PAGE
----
Plus, I don’t recall ever once being told to wear sunscreen. It just wasn’t done back then. To this day, with my very fair skin (even being half Native), I’m sometimes told, “You’re pretty, but you would look so much better with a tan!”, “Have you ever tried tanning?”, or, worst of all, “But you don’t look Native American.” Sometimes these remarks come from total strangers.
My mother bought one of those at-home tanning beds when I was in sixth grade and let me bake in it for an hour every day. No exaggeration. A couple of years later, she supplemented with a tanning membership and added me to it. Every day after school, I would walk the few blocks to soak up the heat and the cancer.
Every single day—for ten years.
I was frequently complimented on my bronzed skin as a child/teen/20-something. It also kept that adolescent acne at bay. I distinctly remember being seventeen years old, working at a store in the mall, and a middle-aged woman gasped and began gushing about my gorgeous complexion.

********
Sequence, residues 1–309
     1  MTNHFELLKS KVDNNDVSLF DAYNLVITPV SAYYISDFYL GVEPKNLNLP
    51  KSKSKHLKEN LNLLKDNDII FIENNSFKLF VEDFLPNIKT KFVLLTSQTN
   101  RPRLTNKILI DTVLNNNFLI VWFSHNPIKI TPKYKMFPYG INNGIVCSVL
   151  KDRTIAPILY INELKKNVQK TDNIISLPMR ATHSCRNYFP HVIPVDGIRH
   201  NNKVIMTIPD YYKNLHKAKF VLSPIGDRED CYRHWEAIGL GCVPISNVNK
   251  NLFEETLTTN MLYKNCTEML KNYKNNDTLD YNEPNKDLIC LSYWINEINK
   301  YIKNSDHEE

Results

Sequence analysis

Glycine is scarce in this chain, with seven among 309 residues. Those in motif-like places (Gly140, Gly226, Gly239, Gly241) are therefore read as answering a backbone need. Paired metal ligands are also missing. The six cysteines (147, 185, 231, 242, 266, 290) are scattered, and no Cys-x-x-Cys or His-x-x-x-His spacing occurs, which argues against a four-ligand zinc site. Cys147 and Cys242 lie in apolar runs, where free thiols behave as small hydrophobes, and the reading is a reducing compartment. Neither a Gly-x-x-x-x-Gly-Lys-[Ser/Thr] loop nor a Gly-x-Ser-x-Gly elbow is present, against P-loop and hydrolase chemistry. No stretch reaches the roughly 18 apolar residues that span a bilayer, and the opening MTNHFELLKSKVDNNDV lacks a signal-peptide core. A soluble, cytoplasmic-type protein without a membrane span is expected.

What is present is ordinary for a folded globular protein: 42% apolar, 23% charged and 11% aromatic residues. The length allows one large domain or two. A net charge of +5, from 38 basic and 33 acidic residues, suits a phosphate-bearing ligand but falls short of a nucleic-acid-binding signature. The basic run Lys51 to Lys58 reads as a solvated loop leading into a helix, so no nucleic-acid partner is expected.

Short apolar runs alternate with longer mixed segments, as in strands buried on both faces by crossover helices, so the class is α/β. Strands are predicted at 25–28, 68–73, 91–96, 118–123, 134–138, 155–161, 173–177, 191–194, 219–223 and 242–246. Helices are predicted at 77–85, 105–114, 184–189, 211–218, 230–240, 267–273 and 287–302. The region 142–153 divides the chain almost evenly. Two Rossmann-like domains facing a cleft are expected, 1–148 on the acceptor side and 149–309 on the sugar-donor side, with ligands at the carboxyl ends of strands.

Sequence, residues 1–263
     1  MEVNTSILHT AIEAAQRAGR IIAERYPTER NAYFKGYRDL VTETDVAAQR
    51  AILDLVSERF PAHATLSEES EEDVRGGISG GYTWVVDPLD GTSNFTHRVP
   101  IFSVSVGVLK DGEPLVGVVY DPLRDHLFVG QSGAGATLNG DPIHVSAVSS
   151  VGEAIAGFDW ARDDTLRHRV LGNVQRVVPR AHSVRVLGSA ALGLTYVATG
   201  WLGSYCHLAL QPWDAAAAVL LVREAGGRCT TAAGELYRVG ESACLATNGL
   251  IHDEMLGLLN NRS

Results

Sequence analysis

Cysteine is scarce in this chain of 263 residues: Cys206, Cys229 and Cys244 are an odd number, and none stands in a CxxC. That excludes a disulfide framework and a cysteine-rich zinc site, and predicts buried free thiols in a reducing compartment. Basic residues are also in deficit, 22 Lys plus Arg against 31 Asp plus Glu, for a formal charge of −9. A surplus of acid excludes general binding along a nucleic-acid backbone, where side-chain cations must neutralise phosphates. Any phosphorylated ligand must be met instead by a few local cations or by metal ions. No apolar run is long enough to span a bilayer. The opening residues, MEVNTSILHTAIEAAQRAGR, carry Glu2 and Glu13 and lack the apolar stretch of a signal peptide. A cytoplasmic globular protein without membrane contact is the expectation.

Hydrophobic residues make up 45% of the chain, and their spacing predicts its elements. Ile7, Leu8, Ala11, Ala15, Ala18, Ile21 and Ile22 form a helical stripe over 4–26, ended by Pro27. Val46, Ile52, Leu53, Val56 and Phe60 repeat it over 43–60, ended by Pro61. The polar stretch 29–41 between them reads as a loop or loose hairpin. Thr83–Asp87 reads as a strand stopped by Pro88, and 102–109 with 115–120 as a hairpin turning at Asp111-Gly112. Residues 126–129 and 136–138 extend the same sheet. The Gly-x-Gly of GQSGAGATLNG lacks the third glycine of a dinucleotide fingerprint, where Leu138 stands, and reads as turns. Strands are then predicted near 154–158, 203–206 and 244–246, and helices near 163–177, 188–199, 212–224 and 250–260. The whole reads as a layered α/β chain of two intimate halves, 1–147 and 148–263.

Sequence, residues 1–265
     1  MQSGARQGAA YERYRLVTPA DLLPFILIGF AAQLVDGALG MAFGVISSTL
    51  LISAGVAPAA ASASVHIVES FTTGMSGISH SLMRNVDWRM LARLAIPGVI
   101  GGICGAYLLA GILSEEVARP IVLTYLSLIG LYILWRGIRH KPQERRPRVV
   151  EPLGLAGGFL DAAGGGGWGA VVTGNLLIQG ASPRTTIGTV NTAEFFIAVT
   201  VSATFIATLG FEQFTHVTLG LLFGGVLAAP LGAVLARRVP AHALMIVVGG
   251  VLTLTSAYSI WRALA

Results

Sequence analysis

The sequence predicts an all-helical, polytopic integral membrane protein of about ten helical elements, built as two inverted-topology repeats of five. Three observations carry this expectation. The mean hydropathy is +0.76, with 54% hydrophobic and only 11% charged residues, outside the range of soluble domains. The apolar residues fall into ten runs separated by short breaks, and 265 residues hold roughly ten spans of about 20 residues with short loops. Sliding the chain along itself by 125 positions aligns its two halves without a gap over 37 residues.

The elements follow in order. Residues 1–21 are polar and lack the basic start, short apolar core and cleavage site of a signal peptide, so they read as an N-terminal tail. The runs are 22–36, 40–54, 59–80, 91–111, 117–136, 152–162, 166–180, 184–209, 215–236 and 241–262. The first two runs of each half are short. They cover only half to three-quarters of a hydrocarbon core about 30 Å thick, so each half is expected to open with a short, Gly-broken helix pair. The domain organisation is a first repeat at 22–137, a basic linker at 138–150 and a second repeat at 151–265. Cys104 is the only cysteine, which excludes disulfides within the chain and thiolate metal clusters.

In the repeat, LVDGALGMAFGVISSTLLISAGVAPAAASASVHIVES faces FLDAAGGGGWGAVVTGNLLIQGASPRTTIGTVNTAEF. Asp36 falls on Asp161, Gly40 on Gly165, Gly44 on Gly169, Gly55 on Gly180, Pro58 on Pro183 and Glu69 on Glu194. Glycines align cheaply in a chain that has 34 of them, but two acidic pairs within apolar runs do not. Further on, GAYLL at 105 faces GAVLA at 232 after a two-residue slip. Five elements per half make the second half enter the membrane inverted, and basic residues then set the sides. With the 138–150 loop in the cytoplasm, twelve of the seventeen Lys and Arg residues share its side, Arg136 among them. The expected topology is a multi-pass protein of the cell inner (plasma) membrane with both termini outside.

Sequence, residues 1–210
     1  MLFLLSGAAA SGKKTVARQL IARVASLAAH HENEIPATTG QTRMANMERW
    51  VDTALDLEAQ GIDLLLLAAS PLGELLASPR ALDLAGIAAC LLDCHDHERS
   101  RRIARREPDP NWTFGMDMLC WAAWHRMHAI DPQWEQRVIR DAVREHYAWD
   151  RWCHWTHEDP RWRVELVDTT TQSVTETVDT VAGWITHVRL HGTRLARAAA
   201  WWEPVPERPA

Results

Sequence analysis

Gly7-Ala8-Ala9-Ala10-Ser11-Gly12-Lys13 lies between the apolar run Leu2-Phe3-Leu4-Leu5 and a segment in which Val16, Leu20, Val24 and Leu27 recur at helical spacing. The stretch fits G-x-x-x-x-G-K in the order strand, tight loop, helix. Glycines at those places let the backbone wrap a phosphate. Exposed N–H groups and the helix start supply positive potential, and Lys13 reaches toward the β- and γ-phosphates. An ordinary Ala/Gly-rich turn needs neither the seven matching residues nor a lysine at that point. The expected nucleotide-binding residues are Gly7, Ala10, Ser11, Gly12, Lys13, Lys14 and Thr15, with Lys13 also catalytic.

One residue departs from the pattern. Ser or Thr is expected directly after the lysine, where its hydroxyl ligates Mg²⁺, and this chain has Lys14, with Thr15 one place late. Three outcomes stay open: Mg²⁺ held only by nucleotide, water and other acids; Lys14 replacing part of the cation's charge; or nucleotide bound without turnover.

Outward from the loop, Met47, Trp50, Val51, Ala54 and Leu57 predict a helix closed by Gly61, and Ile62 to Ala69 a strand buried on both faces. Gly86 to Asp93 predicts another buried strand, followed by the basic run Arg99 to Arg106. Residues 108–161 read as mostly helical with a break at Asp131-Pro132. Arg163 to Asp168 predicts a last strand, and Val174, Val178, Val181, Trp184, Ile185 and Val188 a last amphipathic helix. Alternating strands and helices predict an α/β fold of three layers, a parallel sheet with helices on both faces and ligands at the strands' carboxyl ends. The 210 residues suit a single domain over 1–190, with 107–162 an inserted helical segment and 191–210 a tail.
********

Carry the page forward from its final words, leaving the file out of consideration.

But it wasn’t even close to being worth all of this. Your skin color does not make you beautiful, just as it does not make you ugly. You are born with the perfect skin tone to complement the rest of your features, from the color of your eyes to the hues in your hair and the pigment in your lips.
Strange, how things change. My husband is from India, a country where the fairer you are (they don’t say “whiter”), the more beautiful you are. It’s so severe that it can seem like it doesn’t really matter what you look like … besides your skin tone! There are even very succinct descriptions for bio-data (your profile when in the arranged marriage process) related to your skin tone including fair, wheatish, dusky, etc. It’s a very important parameter.
As long as you’re fair, you’ve got a leg up on everybody else. Or at least everybody darker than you. There are very popular and well-known whitening products like Fair and Lovely and (more recently) Fair and Handsome (for the men). To many Indians, the idea that you would choose to darken your skin is incomprehensible. You’d be an idiot to tan. Some parents don’t let their children swim outside or even be outside during the peak of day. It’s not because of potentially hazardous UV rays, but because “they’ll get darker.” Some parents believe that once you get a tan, it “sticks” so that darkening is for life.